Fortunately, Apollos did accept the truth Priscilla and Aquila taught him, and doing so enabled him to have a powerful ministry in Corinth (I Corinthians 3:6; 16:12). Priscilla helped both Apollos and Paul become even more effective in their ministries. Paul commended her and Aquila as "fellow workers in Christ Jesus" and added that "all the churches of the gentiles are grateful to them" (Romans 16:3-4). On this particular thank-you list, Paul even listed Priscilla's name before her husband's—an unusual occurrence in Bible times—which may indicate that Paul considered her the more prominent Christian worker. Priscilla's decision to teach Apollos was revolutionary 2,000 years ago, and in some churches today, still controversial and displeasing to believers who focus exclusively on I Corinthians 14:33-35 and I Timothy 2:11-15. Whether you agree or disagree that women should teach the Bible to men, please know that like Jesus, Gods' Good Women follow him rather than the rules.
From more recent history, you may be aware of the praise given to the late Mother Teresa, winner of the Nobel Peace Prize. But did you know that she was dogged throughout her life by criticism? It's hard to believe that anyone would dare to criticize her, but criticism follows almost everyone who decides to be good instead of merely nice. Christopher Hitchens, rogue journalist, cynic, and harsh critic of faith in general, has called Mother Teresa the "ghoul of Calcutta" and her Missionaries of Charity a "cult of death and suffering" in his documentary Hell's Angel. Yet she rose above her critics because she understood that Christianity is not a religion comprised of only sweet and gentle virtues. She wrote "I have found the paradox, that if you love until it hurts, there can be no more hurt, only more love." Mother Teresa, as one of God's Good Women, understood that showing Christ's love to the world comes with hurt, but she also knew that by persevering believers can turn their hurt into even more love.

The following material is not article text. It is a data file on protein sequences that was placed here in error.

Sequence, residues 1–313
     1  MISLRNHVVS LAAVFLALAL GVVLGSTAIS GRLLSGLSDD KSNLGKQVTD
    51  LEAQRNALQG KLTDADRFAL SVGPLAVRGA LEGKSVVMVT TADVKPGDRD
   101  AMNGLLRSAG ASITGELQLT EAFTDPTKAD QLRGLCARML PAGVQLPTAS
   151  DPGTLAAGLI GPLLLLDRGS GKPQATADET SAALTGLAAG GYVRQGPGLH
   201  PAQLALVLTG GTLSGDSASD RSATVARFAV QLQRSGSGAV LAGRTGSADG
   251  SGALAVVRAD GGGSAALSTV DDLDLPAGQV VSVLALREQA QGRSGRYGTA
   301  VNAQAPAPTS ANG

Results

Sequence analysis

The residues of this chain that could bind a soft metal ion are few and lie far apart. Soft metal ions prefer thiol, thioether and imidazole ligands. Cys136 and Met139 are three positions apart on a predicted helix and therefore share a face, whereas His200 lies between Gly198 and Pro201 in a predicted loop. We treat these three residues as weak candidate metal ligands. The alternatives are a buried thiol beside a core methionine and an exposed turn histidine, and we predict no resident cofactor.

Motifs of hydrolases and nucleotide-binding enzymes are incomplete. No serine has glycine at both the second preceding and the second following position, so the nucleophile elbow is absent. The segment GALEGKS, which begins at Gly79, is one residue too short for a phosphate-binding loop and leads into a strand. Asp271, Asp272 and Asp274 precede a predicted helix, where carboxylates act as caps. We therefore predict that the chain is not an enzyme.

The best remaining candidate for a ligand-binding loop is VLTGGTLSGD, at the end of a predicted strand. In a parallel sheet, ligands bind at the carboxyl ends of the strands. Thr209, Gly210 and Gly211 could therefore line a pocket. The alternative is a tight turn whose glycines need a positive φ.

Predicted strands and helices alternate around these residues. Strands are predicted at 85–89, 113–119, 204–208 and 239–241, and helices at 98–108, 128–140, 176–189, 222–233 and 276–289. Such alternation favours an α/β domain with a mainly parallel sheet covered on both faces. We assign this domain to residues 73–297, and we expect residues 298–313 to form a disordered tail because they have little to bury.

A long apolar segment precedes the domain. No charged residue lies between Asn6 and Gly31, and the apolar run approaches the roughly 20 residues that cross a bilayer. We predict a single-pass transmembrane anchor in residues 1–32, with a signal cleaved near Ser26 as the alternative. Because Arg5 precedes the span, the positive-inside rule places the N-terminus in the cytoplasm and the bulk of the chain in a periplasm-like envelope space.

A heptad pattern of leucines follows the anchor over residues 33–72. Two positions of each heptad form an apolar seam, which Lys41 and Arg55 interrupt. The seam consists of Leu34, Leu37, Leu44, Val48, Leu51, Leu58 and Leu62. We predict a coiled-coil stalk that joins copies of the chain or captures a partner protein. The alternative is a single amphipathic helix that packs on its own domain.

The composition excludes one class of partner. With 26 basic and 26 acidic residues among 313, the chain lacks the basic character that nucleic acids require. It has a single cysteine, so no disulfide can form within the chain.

To the slaves she helped rescue, Harriet Tubman, former slave, abolitionist, humanitarian, Union spy during the Civil War, and women's suffrage advocate, was a near mythological figure with almost superhuman strength, courage, and cunning. She was beaten and whipped as a little girl. Early in her life, she suffered a traumatic head wound when she was hit by a heavy metal weight thrown by an irate overseer. The injury caused disabling seizures and powerful visions. As a devout Christian, she ascribed her visions to God.